An investigation by the Pakistani military found that the shot was "accidentally" fired by the neighbor’s cook, who had been holding the shotgun of the neighbor’s armed watchman. (The Kang’s house was in a smart neighborhood of Islamabad; nearby villas were rented to Chinese military sales executives as well as a Japanese diplomat. Such houses usually have several servants and a cook, as well as a watchman on the gate.) But why would Kang have been the real target? Perhaps his greed got to him: The possibility should not be ruled out that Kang had been running commercial rackets in Islamabad, and had upset or had forgotten to pay off the right people.
But it might not have been whiskey that was Kang’s game. Khan told me that, in 1997, Kang was involved with one attempt to buy so-called maraging steel from Russia, a vital material for making uranium enrichment centrifuges, particularly of the P-2 type recently observed by U.S. scientists visiting North Korea. A sample of the steel had been sent to Kang in Pakistan, but was shipped via British Airways and, unsurprisingly, impounded by British authorities. In early 1998, again according to Khan, Kang tried to buy additional undisclosed, high-tech items in Russia.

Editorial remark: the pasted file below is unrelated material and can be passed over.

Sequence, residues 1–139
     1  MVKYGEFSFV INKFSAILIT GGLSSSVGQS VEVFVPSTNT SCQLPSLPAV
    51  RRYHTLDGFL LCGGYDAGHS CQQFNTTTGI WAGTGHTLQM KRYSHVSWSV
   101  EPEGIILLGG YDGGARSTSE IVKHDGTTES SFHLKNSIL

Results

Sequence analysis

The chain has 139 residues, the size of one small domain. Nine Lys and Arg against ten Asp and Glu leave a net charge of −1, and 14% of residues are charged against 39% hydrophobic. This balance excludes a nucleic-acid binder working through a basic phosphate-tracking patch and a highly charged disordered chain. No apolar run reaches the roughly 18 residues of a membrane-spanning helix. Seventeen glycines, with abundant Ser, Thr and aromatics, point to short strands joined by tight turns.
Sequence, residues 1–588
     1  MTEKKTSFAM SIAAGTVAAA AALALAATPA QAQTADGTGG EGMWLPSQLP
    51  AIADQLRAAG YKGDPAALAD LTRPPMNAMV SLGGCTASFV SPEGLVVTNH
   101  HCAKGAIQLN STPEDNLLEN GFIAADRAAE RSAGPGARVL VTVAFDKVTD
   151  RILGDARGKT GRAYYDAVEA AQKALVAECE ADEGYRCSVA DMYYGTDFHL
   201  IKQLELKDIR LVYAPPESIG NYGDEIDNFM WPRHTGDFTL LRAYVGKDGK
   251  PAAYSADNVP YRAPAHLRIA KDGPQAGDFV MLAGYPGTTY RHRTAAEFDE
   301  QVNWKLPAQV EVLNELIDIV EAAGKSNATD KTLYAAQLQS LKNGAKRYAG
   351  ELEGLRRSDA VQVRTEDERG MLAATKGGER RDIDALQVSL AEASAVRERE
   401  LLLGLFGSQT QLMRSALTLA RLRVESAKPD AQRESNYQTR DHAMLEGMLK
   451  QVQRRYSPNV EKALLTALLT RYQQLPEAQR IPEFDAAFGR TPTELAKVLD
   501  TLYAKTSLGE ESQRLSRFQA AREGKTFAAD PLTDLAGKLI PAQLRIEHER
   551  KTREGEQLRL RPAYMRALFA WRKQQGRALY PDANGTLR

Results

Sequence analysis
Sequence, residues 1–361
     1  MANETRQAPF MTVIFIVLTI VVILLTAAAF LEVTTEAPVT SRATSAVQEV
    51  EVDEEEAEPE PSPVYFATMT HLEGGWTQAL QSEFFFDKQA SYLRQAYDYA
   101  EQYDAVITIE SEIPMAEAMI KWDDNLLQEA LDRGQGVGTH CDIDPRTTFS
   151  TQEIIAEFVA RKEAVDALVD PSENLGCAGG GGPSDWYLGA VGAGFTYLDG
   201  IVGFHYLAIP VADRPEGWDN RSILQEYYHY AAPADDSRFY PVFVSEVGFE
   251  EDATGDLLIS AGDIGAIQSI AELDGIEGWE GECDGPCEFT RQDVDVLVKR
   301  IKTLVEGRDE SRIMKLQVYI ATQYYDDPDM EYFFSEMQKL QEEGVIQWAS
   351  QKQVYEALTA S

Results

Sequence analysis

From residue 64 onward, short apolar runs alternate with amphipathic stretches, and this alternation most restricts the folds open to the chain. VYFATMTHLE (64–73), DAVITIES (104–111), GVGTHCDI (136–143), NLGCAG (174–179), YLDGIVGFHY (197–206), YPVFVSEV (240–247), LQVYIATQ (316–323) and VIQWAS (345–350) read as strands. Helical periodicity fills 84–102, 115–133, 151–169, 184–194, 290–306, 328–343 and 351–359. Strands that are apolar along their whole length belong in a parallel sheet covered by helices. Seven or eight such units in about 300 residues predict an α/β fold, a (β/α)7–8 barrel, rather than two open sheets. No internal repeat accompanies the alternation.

Like the North Korean diplomats who lined their pockets by running a liquor smuggling business out of the embassy in Islamabad, Kang’s motives may not have been simply nationalistic. He was, I am told, trying to turn a profit on the transactions in order to fund his son’s schooling. North Korean Supreme Leader Kim Jong-Il provided his son with a Swiss education, and it sounds like Kang thought his child deserved the same. The Juche philosophy of self-reliance may be meant to protect the hermit kingdom, but as the experience of North Korean officials and those caught in the crossfire in Pakistan attests, it is also a good excuse to make a killing.